Vocational education is about people “doing” something in the workplace. Is about employment readiness. I have participated in numerous discussions with RTOs and employers about the chasm in business between people knowing what to do and actually doing it. Although there are many factors that can influence “doing”, for the purpose of this article, we’ll focus on instances when the issue is related to training and not to other organisational barrier.
Learning design for doing is much different than designing for knowing. In the continuum of the knowledge acquisition to behavior change, the majority of learning experiences focus on the left-most portion of the continuum – concept presentation, knowledge check, recall practice activities, and perhaps scenario-based application questions, repeated until there is an assessment to prove knowledge acquisition. This cycle is typical for elearning, and for most training organisations where the concept of competency-based training is not yet understood and where knowing is how success is measured. Yet, what do these assessments results really tell us about how well someone can do something?
Once someone has proven what they know, the next step is for them to participate applying their knowledge in context. The right side of the continuum focuses on learning by doing, which is applied practice with the feedback in the context that allows learners to hone their skills and performance in authentic environments. This can be achieved in an apprenticeship situation, on-the-job training, during structured work placement, or at least using relevant workplace simulations.
This is also the area of the continuum where immersive learning experiences fall: where simulation, games, and virtual learning environments can provide learners with realistic practice. This allows them to learn through application but without the real risks of learning in context: loss of sales, customers, reputation, and sometimes even safety.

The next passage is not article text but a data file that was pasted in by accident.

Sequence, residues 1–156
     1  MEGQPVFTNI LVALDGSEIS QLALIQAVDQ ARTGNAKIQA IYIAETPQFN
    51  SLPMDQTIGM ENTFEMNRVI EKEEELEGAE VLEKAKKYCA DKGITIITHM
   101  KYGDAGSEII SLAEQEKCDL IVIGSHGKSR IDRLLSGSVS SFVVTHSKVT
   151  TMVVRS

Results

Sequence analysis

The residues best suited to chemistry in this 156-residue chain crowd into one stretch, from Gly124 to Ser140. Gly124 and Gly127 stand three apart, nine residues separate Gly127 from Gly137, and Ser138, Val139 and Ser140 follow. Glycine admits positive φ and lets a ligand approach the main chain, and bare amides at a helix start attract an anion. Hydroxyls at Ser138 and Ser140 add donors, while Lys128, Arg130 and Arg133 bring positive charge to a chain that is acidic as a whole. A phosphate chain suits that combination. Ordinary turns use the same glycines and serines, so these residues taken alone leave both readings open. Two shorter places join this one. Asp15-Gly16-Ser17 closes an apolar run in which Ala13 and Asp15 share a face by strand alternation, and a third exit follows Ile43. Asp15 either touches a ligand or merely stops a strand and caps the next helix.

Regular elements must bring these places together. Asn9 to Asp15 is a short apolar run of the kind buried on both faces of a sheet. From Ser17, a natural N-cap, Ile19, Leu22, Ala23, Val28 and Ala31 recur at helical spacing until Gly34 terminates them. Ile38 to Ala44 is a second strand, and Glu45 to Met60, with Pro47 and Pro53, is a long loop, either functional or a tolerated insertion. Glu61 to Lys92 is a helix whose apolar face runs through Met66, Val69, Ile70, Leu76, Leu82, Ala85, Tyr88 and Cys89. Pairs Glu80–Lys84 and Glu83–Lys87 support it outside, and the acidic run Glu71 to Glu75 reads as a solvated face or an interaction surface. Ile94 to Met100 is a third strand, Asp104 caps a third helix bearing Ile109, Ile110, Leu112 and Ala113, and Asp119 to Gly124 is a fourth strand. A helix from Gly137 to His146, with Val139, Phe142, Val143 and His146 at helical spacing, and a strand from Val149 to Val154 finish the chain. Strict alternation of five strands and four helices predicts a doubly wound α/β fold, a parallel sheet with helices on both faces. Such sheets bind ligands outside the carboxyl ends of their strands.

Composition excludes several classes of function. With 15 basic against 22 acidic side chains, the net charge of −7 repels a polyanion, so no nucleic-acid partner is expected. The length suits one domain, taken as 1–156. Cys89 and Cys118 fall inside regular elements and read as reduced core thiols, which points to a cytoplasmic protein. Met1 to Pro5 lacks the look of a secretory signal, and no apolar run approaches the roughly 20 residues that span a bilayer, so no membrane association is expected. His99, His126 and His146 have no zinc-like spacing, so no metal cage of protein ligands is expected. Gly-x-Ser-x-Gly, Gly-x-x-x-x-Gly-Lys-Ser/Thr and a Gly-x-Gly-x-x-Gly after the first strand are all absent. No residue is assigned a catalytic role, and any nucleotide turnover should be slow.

When the barrier to behavior change is a lack of experience doing things correctly in context, immersive learning provides an opportunity to bridge the knowing-doing gap. Some times trainers assume the problem is “what people don’t know” and the solution is to give them content. Unfortunately for trainers and RTOs this is only one part of the problem. The problem is also “what people don’t know how to do”, sometimes even “what people are not motivated to do”.
As vocational trainers and practitioners, we have to be armed with the right tools to address the problem at hand. Is it a knowledge problem? If so, an elearning module might do the trick. But for context-driven performance issues, or decision making performance issues, you need to create a learning environment that allows learners to practice, fail, and learn.